Copyright Rejection. I’m Really Going to Miss This One.

Copyright Rejection. I’m Really Going to Miss This One.

I really screwed up I guess. I’ve had 3 Merch By Amazon copyright rejections, all after shirts have been live and selling. This one was probably the most painful and was rather unexpected. This was my favorite shirt I’ve uploaded. In hindsight, I’m an idiot and should have seen it but my focus was on a different element.

Early Days and Getting the Hang of Amazon Merch

The design in question is below. Yes, I know, Godzilla is IP under copyright.

Yes, I know. Godzilla is copyrighted.

The thing was, I was inspired. It happens sometimes. I’m going to date myself here, but I had resurrected a CorelDraw file, to get the car image. Yeah, that’s right — COREL DRAW. Back in the early 2000s I had a copy of Corel Draw and Corel PhotoPaint, and at the time it was the best thing on earth and had a glorious bitmap to vector conversion. Back then I had taken a picture of a killer Nissan Skyline and had vectorized it and embellished a bit. So I resurrected this file, got it into Illustrator and modified the skyline enough to be very different from anything in production, but enough for the niche to recognize. I was so focused on the IP of the car, that I was blind to Godzilla, and we’ll get back to the rejection email later.

This was during tier 10 and I had no idea if Amazon was reviewing actual images in detail for copyright (they are) or just product names and keywords,  and I wasn’t so meticulous about copyright as I am now.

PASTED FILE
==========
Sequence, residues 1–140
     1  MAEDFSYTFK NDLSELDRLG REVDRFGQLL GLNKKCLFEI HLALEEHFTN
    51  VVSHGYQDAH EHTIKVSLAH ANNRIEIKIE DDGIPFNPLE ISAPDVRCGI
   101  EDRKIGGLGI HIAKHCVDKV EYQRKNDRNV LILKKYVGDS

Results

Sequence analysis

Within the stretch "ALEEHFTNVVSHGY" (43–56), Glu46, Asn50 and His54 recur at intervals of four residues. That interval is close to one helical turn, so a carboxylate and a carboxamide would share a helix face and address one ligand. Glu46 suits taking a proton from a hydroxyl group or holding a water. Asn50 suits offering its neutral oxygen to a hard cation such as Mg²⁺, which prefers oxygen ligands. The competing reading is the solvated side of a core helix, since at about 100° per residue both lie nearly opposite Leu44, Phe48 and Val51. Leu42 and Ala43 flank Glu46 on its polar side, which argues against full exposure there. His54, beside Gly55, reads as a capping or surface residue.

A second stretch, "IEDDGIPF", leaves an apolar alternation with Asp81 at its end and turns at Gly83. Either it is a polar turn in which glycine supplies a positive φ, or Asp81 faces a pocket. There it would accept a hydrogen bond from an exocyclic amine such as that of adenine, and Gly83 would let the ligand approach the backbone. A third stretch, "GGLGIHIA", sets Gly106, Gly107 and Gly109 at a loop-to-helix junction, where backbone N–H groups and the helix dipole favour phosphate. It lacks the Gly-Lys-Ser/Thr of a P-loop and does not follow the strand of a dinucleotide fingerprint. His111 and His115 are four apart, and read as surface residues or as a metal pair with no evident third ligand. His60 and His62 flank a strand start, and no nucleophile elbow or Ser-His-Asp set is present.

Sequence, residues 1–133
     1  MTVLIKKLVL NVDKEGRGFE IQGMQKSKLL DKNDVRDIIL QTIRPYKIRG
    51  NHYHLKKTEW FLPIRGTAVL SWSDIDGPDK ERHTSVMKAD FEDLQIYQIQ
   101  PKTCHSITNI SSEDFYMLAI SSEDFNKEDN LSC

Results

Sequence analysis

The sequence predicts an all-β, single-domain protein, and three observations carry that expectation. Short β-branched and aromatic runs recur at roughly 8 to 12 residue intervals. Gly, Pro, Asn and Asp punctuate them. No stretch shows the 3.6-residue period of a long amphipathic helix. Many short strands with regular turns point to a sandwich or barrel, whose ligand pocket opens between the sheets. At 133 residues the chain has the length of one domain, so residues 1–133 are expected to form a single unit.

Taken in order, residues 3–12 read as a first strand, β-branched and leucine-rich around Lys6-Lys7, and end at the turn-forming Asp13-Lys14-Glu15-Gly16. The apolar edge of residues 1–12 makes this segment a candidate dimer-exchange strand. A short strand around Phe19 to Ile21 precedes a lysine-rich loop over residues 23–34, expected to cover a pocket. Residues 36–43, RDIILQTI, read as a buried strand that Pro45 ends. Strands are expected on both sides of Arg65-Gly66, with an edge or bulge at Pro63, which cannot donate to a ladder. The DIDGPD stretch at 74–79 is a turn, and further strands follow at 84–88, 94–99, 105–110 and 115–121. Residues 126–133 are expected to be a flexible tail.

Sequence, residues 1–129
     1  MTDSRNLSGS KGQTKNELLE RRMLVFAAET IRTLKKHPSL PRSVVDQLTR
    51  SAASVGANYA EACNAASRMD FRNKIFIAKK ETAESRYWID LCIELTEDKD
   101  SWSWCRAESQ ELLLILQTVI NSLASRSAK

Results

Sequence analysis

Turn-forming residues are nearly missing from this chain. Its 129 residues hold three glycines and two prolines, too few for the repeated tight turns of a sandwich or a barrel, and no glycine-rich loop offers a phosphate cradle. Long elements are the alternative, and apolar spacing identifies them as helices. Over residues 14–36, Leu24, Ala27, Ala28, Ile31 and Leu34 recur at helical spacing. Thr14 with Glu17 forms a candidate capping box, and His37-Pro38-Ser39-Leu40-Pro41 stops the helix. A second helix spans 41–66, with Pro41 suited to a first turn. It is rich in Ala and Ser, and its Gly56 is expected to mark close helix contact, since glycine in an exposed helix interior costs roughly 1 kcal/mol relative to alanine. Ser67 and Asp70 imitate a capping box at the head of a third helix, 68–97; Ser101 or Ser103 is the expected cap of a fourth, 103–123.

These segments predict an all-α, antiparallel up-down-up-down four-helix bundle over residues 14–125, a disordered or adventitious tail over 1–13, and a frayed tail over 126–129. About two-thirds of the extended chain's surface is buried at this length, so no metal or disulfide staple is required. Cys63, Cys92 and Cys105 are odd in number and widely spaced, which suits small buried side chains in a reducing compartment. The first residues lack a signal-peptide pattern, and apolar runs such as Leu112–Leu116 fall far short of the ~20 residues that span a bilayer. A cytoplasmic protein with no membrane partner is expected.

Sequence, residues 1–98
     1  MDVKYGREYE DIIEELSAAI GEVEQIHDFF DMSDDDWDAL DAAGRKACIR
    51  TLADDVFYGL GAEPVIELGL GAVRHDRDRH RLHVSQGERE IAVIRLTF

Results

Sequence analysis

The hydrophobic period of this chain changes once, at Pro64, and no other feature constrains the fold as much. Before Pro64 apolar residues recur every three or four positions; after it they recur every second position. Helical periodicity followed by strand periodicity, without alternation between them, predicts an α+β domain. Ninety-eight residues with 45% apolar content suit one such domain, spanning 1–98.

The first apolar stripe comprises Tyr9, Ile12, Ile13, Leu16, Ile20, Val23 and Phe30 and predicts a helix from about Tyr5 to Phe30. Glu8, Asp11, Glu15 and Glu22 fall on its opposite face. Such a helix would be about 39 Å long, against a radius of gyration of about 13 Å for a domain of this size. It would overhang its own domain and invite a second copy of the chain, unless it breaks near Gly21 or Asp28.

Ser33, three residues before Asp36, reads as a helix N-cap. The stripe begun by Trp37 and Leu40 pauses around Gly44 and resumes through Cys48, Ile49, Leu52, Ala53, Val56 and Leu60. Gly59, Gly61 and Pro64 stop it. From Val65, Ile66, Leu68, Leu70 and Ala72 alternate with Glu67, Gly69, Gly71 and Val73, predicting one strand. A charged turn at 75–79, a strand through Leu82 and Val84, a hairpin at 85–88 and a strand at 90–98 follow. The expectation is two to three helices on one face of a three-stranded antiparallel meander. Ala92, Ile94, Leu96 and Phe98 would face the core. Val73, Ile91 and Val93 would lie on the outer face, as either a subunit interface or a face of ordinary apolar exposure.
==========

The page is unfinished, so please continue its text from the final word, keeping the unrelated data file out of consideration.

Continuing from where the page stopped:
The Niche

JDM or Japanese Domestic Market which represents those who love japanese cars, tuning them, modifying them, racing etc. The niche itself is great. Stuff sells and there’s very little in the way of copycats. Since I started in that niche back in August 2017, the number of results for ‘JDM Tshirts’ has exploded, but if you can get highly ranked, there’s lots of opportunity. I’ve got 6 or so shirts up, and each one has sold.

The Sales Stats

Looking at the MerchPilot product table, we can see how this shirt is ranked #2 all time. Representing 11% of my total sales and bringing in $226.MerchPilot Merch By Amazon Analytics - Product Table

This was a shirt that I started at a below average price, then gradually moved up as it sold. In the MerchPilot product page for this tee, I’ve filtered my date range just from when it was first sold to when it was taken down. You’ll see a lot of price changes in my pricing chart below, many of which had to do with me trying to un-throttle this shirt in Q4 2017 by changing the price, pretty much daily. It was a great steady earner, in a consistent evergreen niche. I’ll miss it dearly.

Merch by Amazon product analytics by MerchPilot

Always Follow Up on Copyright Rejections

I don’t really understand why Amazon won’t tell you right away what the copyright element is, and you need to pry it out of them. Once they told me flat out and took my shirt down, but that’s a story for another day. But this instance, they just referenced their terms, mentioned the section on copyright and that was it. Just a point of clarification, the rejection came in the form of uploading this design onto a hoodie. After the rejection, of the hoodie I promptly took down the shirt in this blog, my most favorite shirt.

Merch By Amazon Copyright rejection